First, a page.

Your mom will always love you, and you'll always love your mom, but now that moms are comfortably geeky, maternal interactions can get weird and frustrating very quickly. How do we manage? You need a plan—especially with Mother's day coming so soon. This is it.
Your mom wants to text you. Your mom wants to look at your pictures. Your mom wants to ask you for cool new tunes. Your mom wants to hug you through a computer—but that's impossible, mom! Your mom's computer and router and everything between will be caught in a inexorable rush of faulty configuration and misunderstanding. But she's your mom. We know you're busy, but some stuff you can't shirk. Be patient and be kind to her. Here's where you start:
Being forced out of your mother's vaginal cavity entitles her to a lifetime of technical support, whenever she wants it, forever. No exceptions. Sorry, it's just the way it is—and no c-section loophole either, I'm afraid. She trucked you around for nine months, and now the least you can do is help her reset the router back home. But how?
Never, ever, ever use the phone. No, never. We all know that fixing a computer headache is tricky enough when you're sitting down at the computer. But over the phone? Forget about it. The process of a mom fathoming what's happening on her screen, putting that into non-mom terms, and you then giving her mom-edible instructions in return is just too much. Think of the scene in which Samuel L. Jackson is trying to direct Laura Dern to switch the power back on in Jurassic Park, only there are a hundred more raptors, Laura Dern still can't touch type, and Jurassic Park is a five year old Dell.
You need to give mom some visuals. If you can't fix her router/phone/laptop/router again in person, you should swap screenshots. Ask her to email you pictures of what's happening on her screen, then annotate the fixes with a program like Skitch and send them back to her. Kaboom—no need to try explaining what an IP address is to your mother, which would have resulted in her frustrated and you clawing your hair out and weeping blood.
Oh, this is never easy. Pulling back your burqa of privacy to reveal a whole Facebook Timeline's worth of crass status updates and drunk faces to the woman who spent nearly two decades trying to teach you better.
But this actually isn't as tricky as it looks! First, accept your mom's friend request, because it's truly benign. She just wants to feel closer to you, and knows Facebook is her best shot. Give it to her. Why?
- You won't have to be nagged about sending pictures. They're all on Facebook!
- You won't be asked "what ever happened to so-and-so from middle school?" as much, because she can just stalk them on your wall.
- You won't get as many endearingly annoying chain emails and superfluous links, because they can just go to the URL landfill of your wall.
Etc. It's a timesaver. Your profile stands in for the real you. A buffer against smothering.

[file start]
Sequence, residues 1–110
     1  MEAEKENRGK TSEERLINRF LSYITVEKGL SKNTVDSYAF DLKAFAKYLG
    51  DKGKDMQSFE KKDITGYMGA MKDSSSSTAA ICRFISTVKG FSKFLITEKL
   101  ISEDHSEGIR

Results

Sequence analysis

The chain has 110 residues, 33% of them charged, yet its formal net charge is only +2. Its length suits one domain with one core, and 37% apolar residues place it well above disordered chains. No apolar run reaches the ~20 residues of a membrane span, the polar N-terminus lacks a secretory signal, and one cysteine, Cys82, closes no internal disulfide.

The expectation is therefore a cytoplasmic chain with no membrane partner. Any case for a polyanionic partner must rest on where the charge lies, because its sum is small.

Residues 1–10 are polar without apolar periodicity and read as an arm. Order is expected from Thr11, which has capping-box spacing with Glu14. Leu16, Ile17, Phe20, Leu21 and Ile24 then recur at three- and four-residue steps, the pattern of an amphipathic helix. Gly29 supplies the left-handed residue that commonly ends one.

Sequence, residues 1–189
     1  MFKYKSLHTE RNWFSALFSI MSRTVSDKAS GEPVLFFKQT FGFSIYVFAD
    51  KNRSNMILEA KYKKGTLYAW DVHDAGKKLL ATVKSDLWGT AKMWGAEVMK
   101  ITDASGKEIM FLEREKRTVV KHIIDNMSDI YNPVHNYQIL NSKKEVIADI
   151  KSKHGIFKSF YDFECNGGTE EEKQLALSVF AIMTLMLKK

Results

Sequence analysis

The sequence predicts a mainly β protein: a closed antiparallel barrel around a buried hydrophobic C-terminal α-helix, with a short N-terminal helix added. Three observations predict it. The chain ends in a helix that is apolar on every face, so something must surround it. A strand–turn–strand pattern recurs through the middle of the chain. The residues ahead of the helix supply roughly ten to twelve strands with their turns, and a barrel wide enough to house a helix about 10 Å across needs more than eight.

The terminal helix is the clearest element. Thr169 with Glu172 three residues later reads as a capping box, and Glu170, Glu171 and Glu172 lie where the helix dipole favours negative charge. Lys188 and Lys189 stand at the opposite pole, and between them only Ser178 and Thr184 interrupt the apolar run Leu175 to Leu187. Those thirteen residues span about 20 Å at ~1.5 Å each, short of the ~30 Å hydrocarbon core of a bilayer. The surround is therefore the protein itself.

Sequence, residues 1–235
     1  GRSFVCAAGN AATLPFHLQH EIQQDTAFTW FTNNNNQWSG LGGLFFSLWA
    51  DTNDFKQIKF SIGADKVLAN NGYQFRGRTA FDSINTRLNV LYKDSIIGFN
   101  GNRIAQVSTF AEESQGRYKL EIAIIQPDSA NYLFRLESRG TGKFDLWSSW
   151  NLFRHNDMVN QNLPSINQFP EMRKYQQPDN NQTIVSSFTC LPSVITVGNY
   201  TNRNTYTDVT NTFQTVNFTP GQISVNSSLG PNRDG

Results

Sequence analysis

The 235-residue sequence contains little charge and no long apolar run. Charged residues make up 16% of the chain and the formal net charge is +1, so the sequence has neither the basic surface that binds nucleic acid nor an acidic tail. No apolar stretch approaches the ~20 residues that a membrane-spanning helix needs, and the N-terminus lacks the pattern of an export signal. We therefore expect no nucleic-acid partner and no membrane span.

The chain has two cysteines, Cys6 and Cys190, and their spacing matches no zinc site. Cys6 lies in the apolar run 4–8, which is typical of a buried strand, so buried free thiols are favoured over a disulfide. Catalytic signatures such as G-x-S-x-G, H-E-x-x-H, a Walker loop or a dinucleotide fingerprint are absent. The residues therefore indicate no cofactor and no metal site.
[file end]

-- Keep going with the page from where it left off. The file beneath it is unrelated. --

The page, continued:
And if there's anything you don't want mother to see, just make her a Facebook acquaintance and parent-proof your profile. Just because you love someone doesn't mean you can't internet blacklist them.
Q: What computer should I get, sweetie?
A: Get your mom an iPad if you can afford it, or a Kindle Fire if you can't. They're the simplest and most elegantly designed tablets you can get. That's it. Unless she's a graphic designer, your mom doesn't need a laptop.
Q: What phone should I get, honey? What about a camera?
A: The Lumia 900 or HTC Titan II is the phone for your mum. The giant screens are perfect for legibility, looking at pictures of you, and taking new ones of her own. And the cameras are both damn good, meaning snapping and sharing are consolidated, meaning less troubleshooting over the phone for you. Above all, Windows Phone is dead simple and terrifically easy on the eyes—and the lack of apps won't matter as much to a basic user.
Sorry, mom. Voicemail is dead.
As smart as your mom is, she likely hasn't picked up on the fact that voicemail is obsolete, barring bill collection and long, complicated bad news. She'll leave you voicemails you're loathe to listen to, and maybe you never will. This hurts her feelings, because she's waiting for a voicemail back, which is about as likely as a letter sent via pneumatic tube.
Have a frank conversation. Mom, voicemails are gone. I know you like the sound of my voice—I miss yours too! But it's just not really something anyone does anymore.
As a compromise: Text her a lot. Text her until you break her of her 20th century voice message habit, and you'll spare her wasted time and yourself filial guilt. Show your mom that texting can maybe even be more personal than a voicemail. Send her pictures of what you're doing, what you're seeing, and where you are. Take little videos now and then. Moms love that. You're doing both of you a favor.
But above all...
Call your mother
No excuses. It doesn't have to be often. It doesn't have to be long. But just call your damn mom. There's no techie panacea to get you out of this one, ever. Just. Call. Your. Mom. Sometimes.
Photos: Adam Berry/George Marks/Getty
User Manual is Gizmodo's guide to etiquette. It appears as if by magic every Friday.